Are you suffering from “death by PowerPoint?”
Many people in corporate America are.
You know the symptoms … yawning participants during your slide shows or distant looks from half of the audience who are staring at your screen like zombies.
Let’s be real. I personally have never heard, “Oh good – another slide!” I’m sure you would agree.
So, where is the problem?
I believe most presenters create their slides and think they have a presentation.
First plan the presentation, and then determine where a slide would add value, impact and interest.
When audience members need specific information to study, and to share with others, give them the complicated details in advance, or at the end of the presentation. Then, simplify when presenting.
What are some guidelines?
- Use pictures (personal photographs or high-end, online stock images) whenever possible – as long as they reinforce the message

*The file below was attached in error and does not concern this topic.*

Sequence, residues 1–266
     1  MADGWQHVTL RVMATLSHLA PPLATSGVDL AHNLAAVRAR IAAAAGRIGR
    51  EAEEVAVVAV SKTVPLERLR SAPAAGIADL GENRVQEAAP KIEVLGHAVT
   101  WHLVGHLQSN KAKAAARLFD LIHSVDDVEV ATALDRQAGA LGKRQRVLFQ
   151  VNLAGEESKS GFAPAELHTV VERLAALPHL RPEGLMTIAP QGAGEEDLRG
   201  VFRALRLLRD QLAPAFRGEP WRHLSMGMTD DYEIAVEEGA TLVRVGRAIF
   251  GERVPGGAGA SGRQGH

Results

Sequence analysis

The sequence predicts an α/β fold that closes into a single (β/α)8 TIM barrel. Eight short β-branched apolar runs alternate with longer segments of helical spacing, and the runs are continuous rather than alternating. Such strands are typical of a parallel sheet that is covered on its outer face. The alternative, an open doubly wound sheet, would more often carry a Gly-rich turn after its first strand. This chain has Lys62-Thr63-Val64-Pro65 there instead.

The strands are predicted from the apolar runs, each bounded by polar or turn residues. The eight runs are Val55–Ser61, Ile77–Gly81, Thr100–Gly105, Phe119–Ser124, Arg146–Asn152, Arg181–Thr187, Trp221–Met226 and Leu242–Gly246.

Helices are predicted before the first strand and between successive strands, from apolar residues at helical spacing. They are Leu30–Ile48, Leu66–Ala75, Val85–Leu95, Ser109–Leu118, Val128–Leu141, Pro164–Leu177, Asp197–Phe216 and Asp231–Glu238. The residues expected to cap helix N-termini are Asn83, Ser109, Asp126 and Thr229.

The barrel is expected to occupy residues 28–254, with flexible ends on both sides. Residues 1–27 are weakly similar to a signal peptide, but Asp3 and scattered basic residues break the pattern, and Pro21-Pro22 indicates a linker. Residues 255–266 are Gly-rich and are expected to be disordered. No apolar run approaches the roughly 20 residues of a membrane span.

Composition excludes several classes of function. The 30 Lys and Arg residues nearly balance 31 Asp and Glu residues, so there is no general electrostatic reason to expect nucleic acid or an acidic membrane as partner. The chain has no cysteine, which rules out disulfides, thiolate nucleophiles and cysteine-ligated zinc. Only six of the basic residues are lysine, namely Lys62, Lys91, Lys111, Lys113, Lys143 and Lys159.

- Use charts and graphs to help explain trends and numbers.
- Limit the bullet points.
- Use the “B” key to blank out the screen. It pulls the attention back to the speaker.
- Start and end with no slide, so you can make the personal connection with the audience.
Slides are tools – and shouldn’t be used as a crutch. Remember, they are visual aids – not presentations.
Your audience will thank you for not having them suffer a tedious “death by PowerPoint.”